Restricted access

Guilherme Giannini Artioli, Bruno Gualano, Desiré Ferreira Coelho, Fabiana Braga Benatti, Alessandra Whyte Gailey and Antonio Herbert Lancha Jr.

The aim of the present study was to investigate whether pre exercise sodium-bicarbonate ingestion improves judo-related performance. The study used 2 different protocols to evaluate performance: 3 bouts of a specific judo test (n = 9) and 4 bouts of the Wingate test for upper limbs (n = 14). In both protocols athletes ingested 0.3 g/kg of sodium bicarbonate or placebo 2 h before the tests. Blood samples were collected to determine lactate level, and levels of perceived exertion were measured throughout the trials. The study used a double-blind, counterbalanced, crossover design. Ingestion of sodium bicarbonate improved performance in Bouts 2 and 3 of Protocol 1 (P < 0.05), mean power in Bouts 3 and 4 of Protocol 2 (P < 0.05), and peak power in Bout 4 of Protocol 2 (P < 0.05). Ingestion of bicarbonate increased lactate concentration in Protocol 1 (P < 0.05) but not in Protocol 2. Ratings of perceived exertion did not differ between treatments. In conclusion, sodium bicarbonate improves judo-related performance and increases blood lactate concentration but has no effect on perceived exertion.

Restricted access

Vitor de Salles Painelli, Rafael Pires da Silva, Odilon Marques de Oliveira Junior, Luana Farias de Oliveira, Fabiana Braga Benatti, Tobias Rabelo, João Paulo Limongi França Guilherme, Antonio Herbert Lancha Junior and Guilherme Giannini Artioli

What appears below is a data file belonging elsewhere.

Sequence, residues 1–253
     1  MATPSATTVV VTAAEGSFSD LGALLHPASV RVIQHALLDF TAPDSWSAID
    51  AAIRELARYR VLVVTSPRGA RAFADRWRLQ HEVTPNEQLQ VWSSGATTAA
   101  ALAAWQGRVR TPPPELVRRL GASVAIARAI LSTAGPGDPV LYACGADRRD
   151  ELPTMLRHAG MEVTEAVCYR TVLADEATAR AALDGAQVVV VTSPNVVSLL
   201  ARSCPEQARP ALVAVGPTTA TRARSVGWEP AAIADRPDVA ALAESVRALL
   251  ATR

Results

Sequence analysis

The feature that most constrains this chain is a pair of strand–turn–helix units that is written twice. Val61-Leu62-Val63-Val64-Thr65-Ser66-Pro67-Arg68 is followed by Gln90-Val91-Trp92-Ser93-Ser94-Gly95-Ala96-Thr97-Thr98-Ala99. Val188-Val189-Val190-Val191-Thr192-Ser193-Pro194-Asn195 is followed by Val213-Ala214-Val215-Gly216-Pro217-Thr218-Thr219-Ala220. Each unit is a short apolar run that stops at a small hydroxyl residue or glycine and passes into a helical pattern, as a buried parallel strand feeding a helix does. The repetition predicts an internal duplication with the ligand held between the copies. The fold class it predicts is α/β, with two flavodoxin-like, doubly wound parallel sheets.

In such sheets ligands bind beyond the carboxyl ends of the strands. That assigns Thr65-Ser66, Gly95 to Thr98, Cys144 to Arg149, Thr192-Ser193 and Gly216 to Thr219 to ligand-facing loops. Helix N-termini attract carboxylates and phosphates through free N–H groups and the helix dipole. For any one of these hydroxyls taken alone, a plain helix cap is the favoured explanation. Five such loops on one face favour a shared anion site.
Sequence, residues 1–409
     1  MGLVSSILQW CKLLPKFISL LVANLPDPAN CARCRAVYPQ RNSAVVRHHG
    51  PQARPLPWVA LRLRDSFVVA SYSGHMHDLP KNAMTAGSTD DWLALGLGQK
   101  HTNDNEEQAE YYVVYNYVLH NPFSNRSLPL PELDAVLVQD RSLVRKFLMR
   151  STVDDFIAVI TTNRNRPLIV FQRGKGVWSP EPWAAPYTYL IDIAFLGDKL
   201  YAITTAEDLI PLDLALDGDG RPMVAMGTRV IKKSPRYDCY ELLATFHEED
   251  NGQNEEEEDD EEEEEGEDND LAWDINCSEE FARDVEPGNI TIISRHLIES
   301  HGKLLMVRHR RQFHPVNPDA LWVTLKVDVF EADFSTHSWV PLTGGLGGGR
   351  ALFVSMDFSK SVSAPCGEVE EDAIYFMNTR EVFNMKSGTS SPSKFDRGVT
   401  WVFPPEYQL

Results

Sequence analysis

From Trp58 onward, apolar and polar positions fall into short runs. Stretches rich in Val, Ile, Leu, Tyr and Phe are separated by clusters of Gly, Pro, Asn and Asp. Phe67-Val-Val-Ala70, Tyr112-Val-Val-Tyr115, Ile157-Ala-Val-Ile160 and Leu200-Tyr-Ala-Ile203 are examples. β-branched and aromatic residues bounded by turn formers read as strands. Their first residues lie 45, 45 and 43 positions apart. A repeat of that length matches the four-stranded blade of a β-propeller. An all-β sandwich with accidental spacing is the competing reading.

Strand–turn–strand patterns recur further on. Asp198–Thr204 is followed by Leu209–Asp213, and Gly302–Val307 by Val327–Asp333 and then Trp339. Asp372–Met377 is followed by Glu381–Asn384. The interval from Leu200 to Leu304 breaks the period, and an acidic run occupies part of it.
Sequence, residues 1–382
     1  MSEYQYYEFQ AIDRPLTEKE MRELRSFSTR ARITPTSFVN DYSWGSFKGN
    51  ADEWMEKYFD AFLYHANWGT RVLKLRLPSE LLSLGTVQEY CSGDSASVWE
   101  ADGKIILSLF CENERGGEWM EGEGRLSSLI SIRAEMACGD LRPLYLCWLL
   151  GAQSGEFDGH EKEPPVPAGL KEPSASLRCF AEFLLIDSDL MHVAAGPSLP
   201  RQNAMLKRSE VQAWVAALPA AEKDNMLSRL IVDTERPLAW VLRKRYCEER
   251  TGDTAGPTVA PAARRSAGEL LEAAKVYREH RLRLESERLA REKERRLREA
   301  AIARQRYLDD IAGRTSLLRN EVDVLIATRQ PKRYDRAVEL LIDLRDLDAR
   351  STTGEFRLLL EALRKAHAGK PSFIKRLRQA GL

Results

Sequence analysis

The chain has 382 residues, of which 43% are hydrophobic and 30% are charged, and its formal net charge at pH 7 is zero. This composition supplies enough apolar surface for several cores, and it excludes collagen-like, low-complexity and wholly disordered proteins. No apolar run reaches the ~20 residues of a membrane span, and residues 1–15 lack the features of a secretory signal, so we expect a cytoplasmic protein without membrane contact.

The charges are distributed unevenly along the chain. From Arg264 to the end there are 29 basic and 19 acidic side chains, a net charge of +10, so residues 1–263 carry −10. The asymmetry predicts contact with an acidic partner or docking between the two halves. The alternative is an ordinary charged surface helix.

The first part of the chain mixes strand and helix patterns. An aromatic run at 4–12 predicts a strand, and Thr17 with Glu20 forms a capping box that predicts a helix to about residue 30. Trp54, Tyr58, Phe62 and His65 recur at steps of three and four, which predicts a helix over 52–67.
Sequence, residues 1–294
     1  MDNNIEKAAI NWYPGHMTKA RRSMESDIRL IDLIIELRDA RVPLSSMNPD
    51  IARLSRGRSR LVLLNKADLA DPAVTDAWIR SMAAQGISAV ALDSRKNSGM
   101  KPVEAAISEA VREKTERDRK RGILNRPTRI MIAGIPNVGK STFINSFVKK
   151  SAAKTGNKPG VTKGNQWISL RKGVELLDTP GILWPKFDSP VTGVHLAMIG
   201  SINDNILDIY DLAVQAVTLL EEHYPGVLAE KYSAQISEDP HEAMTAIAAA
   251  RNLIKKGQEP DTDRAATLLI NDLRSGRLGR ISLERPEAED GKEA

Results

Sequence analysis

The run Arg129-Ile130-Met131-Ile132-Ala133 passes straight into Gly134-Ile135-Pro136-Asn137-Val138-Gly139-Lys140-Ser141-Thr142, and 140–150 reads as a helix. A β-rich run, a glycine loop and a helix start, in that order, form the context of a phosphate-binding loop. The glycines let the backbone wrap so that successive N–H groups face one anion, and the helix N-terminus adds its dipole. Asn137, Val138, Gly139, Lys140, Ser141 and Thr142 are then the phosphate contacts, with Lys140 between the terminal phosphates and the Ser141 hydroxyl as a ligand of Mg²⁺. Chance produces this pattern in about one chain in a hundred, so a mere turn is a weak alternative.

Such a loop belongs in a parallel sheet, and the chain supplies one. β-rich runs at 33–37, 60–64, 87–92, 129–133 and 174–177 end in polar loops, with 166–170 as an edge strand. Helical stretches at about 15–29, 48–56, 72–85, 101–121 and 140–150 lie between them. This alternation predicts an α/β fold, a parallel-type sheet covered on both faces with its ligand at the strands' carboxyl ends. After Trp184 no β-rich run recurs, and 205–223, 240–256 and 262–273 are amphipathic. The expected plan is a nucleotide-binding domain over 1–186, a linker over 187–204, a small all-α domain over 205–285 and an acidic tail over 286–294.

We investigated the effects of low- and high-dose calcium lactate supplementation on blood pH and bicarbonate (Study A) and on repeated high-intensity performance (Study B). In Study A, 10 young, physically active men (age: 24 ± 2.5 years; weight: 79.2 ± 9.45 kg; height: 1.79 ± 0.06 m) were assigned to acutely receive three different treatments, in a crossover fashion: high-dose calcium lactate (HD: 300 mg·kg−1 body mass), low-dose calcium lactate (LD: 150 mg·kg−1 body mass) and placebo (PL). During each visit, participants received one of these treatments and were assessed for blood pH and bicarbonate 0, 60, 90, 120, 150, 180, and 240 min following ingestion. In Study B, 12 young male participants (age: 26 ± 4.5 years; weight: 82.0 ± 11.0 kg; height: 1.81 ± 0.07 m) received the same treatments of Study A. Ninety minutes after ingestion, participants underwent 3 bouts of the upper-body Wingate test and were assessed for blood pH and bicarbonate 0 and 90 min following ingestion and immediately after exercise. In Study A, both HD and LD promoted slight but significant increases in blood bicarbonate (31.47 ± 1.57 and 31.69 ± 1.04 mmol·L−1, respectively) and pH levels (7.36 ± 0.02 and 7.36 ± 0.01, respectively), with no effect of PL. In Study B, total work done, peak power, mean power output were not affected by treatments. In conclusion, low- and high-dose calcium lactate supplementation induced similar, yet very discrete, increases in blood pH and bicarbonate, which were not sufficiently large to improve repeated high-intensity performance.